Friday, June 27, 2014

Art Blog: Relatability

Do people like your art? Do people respond to your art? Do people relate to your art? I have been asking myself these questions a lot lately. As my mind buzzes with questions about the art I create, I also wonder why it seems so many people don't really understand what I am doing or care about my work. I want to be brave and brash and say it doesn't matter what others think! However in my heart of hearts it does matter to me.

As I troll the internet, I have found many artist's works which stop me in my tracks. This got me wondering. WHY do I like certain art works and not others. One artist whose work amazes me is Stephen Magsig. Time and time again, I see one of his paintings posted and I just stare at it. Often, his work takes my breath away. What is it that draws me in and fills me with such awe? I am not always attracted to representational work or landscapes. I love painting in general, but his work really jumps out and grabs me.

For example, when I look at this painting of the Fisher Building in Detroit, I have a visceral reaction. Not only is the painting executed with precision, I also react to the subject matter. I have looked at that building throughout my life. In fact just before I left Detroit, I lived a few blocks away from the New Center area. I could stand and look out my studio window at that orange glowing dome.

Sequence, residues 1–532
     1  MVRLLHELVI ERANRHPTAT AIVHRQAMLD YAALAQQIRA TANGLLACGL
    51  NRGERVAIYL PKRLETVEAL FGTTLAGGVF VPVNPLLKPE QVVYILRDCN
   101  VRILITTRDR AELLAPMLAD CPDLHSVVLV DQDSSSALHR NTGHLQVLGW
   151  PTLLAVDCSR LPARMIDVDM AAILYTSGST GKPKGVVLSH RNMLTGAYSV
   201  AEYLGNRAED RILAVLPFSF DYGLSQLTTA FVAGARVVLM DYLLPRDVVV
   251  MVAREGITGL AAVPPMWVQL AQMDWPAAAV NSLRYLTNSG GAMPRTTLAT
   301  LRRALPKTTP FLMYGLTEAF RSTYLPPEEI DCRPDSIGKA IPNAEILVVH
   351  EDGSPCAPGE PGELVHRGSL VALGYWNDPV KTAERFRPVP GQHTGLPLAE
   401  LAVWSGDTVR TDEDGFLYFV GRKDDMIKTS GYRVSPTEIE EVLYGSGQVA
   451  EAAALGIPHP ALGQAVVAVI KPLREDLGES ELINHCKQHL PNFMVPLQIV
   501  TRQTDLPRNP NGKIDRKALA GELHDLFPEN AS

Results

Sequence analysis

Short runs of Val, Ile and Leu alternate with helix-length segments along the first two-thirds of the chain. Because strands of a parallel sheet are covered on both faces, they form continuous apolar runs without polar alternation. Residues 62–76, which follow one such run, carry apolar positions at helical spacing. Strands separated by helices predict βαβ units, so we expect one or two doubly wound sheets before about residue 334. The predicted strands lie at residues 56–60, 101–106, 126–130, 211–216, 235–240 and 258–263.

In his series "Postcards From Detroit", he has painted many night or low light images. These small paintings are dense, yet glow with street lights or the burning fires of industry. They capture the atmospheric mood of Detroit. When I was a little girl, I remember peering through the windows of our car and watching the wavering lights and smoke on the horizon of my motor city. It was dirty and at times, smelly, but it was my home.

After thinking about Mr. Magsig's work, I realized I relate because his imagery is part of my life and deeply rooted in my artist's soul. As an artist in my own right, I have the tools of the trade down pat. I have the art experience under my belt. Now, it is time to strive for what artist's like Stephen Magsig bring to the art table: RELATABILITY.

Belle Isle Aquarium
Oil on linen/panel, 5x7"
Click on pic to see more wonderful works by Stephen Magsig.


Michelle Ramirez said...

I think you hit it, I want my audience to have a conversation with my work, I have to look at how we relate to each other. My own work is so personal I may be leaving my audience. Out Thanks Sheree

Sheree Rensel said...

Michelle, EXACTLY!!! I live in "Sheree World". All my work is so personal it could act as a map of MY own mind. I think that is why there seems to be a problem. I "get it", but nobody else does! I have to work on that.
BTW THANK YOU so much for your comment!! Thank you so much!!!

artjas said...

This is a very good point that takes some of us a while to learn. Until WE can connect with with the viewer the emotion of our work,then our work will not be complete.

artjas said...

I agree. Doing what we do and doing it well is one thing, but doing it with emotion is another. This is an area that some artist lack. This is the "IT" that enables the viewer to connect with our efforts.